Succumbing to pressure from teachers and parents, Baltimore City Schools CEO Sonja Santelises announced today that students will not return to school for in-person classes this fall.
Previously, Santelises had offered an all-online option and a hybrid option combining in-person instruction with virtual learning.
But as Covid cases climb nationwide and in Maryland, parents and teachers have urged school officials to keep schools closed until the virus is more under control.
In a statement today, Santelises said she will delay the start of the hybrid option until “later this fall.”
“Providing a hybrid learning option remains our goal,” she wrote. However, “while many families are interested in an in-person option, there is also discomfort among students and families with moving directly to reopening in August.”
“Please rest assured that when it is time to transition to a hybrid in-person learning option, there will be a comprehensive and thorough plan to return in place as well as opportunities to orient families and students to what safe in-person learning could look like for their student. As a parent, that is what I would expect to occur, and that is what our students deserve.”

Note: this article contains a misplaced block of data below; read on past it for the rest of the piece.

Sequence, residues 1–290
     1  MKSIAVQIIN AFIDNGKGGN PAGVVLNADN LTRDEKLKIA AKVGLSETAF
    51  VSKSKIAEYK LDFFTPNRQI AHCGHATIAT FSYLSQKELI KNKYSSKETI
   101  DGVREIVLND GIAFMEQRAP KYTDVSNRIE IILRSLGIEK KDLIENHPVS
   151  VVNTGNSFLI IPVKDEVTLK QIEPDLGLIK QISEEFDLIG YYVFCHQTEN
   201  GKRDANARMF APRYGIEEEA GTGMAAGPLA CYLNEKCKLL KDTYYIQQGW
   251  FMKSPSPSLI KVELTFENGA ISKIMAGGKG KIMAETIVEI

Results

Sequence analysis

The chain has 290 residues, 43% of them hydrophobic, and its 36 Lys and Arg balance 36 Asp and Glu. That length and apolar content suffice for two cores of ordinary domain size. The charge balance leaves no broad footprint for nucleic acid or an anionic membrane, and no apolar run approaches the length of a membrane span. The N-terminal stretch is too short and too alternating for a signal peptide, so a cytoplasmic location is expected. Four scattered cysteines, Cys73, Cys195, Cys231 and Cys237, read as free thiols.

The decision places the city on the same footing as Anne Arundel, Harford and Howard counties.
The decision places the city on the same footing as Anne Arundel, Harford and Howard counties, which have decided to hold virtual instruction only in the fall semester.
Baltimore County has not yet announced plans for reopening schools this fall.
Delay to Start of School Year
Santelises also stated that she’s seeking a delay to the start of the school year until September 8, the Tuesday after Labor Day, to provide more professional development to staff. (This change will require school board approval.)
Diamonté Brown, president of the Baltimore Teachers Union, applauded Santelises’ decision today, but said remote learning should continue at least through the end of the first semester.
Brown had joined the Maryland State Education Association and the Maryland Parent Teacher Association in making that demand last week.
“A perfect solution does not exist,” Brown noted today. “A safe one does, and we appreciate the district’s willingness to reevaluate their decisions based on feedback from the directly impacted.”
Find more information about reopening here.